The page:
slave between them. Moot-point : What is to be done ? 
Why, of course, Teya Buvale, or throw the dice, for 
ultimate ownership. So there, behold them gambling 
for a slave, and now it is in the excited gabble of the 
gamblers you can overhear the snatch-phrases, " Let us 
gamble for our seamless robe," i.e. a human being. But 
on pushing investigations you find that while this is 
literally a metaphor for the actual skin, yet as a " whole 
skin " even in English means a live body, even so there 
is a double innuendo in Bantu. For the seamless robe of 
skin is to the negro a type of the unity of that slave's 
body who could not be cut up into four portions to 
accommodate the four warriors, hence this gambling : ** Let 


us not rend it, but cast lots for it, whose it shall be." As 
not even a bone of Christ's body was broken, how sug- 
gestive the fate of both His robe of cloth and robe of flesh ! 

But there is a glimmer in all this gloom. In the 
darkest den of Africa, the doctrine of the Immortality 
of the Soul is flaming like a fire, and the deeper you 
dig the higher it flares. Bipeds only, too, the door being 
slammed on quadrupeds. Bird or beast, do not dare 
suggest to the Luban that animals are immortal. Here is 
a whole town actually gone off" its food and solidly refusing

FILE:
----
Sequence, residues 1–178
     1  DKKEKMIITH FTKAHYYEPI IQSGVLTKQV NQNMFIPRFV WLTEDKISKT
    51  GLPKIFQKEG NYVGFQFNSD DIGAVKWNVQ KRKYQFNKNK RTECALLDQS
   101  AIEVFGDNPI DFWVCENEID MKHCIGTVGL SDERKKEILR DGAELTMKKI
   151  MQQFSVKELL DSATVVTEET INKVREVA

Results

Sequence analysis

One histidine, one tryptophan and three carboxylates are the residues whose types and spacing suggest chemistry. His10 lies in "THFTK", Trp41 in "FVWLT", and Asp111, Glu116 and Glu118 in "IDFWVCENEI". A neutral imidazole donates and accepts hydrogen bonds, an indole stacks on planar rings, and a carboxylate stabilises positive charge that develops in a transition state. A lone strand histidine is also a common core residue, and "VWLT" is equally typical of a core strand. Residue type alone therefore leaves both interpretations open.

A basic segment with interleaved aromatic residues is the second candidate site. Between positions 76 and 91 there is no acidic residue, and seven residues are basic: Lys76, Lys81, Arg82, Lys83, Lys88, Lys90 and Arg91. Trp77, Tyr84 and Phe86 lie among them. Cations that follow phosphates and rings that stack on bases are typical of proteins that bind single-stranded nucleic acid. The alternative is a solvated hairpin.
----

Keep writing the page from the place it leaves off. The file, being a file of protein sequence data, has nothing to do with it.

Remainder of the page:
to eat until nem. con. they come to a decision on a ques- 
tion of — of metaphysics. 'Tis passing strange. When 
I came on the scene they had been at it for four hours, 
the debate a wild thing : Has a dog a spirit ? 

The judges were in the blues when I arrived, and in- 
sisted on my umpiring their hard-mouthed wrangle. The 
older folks stamp with indignation at the insolent idea, 
and the Freethinker who set this ball a-rolling is having 
it hot, the heretic ! At last they have nonplussed him, for 
he lamely confesses that, of course, dogs as a rule are — 
well — only dogs, a species of local canine mutton, that is 
to say, but this dreadful dog was — w-a-s, a wonder. The 
whole debate, it seems, masks the mouth of a trap, a 
lawyer's trap, and a law-suit is lurking in the background 
all the time. For if he can successfully insinuate that an 
exceptional dog may (ahem !) exceptionally have a spirit, 
then he is going to have the law on them, for he avers a 
dead dog is haunting him to his undoing. This dog, be 
it keenly noted, was not only a hunter's dog but really a 


greater liunter than his master. Day by day, it would 
go off on its own, lurk on the edge of the plain and, with 
the spring of a panther, drag down an antelope, a devoted 
gift to his master. This entente cordiale, between man 
and dos;, went on and on, until the neio^hbours envied both 
man and dog ; so one day — dark dies memorabilis — they 
pounced on the hunter, claiming damages for a slight 
indiscretion on the animal's part — breach of dog-etiquette, 
I mean, not man's. Stealing eggs, nothing less, was the 
accusation. Result : the culprit pug was condemned to 
have his ears cropped, and with the disappearance of the 
devoted dog's ears there also disappeared utterly any 
devoted gifts of game. Knotty point : When he lost his 
ears, did he lose his scent for game ? Answer : No, not 
at all ; he went still at it, was still successful in the chase, 
but — but snubbed his master for permitting them to crop 
ears. Did he eat his captured game then ? Certainly 
not ; how could a dog with such a prohibition bred in the 
bone, how could it dare such a deed ? 

This, then, is what it did do — and here it is we tumble 
plump into mystery. Adjacent to the townlet is a wild 
bog into which the Lualaba lavishes its waters, the dense 
tangle being hopeless and shutting in the water from view.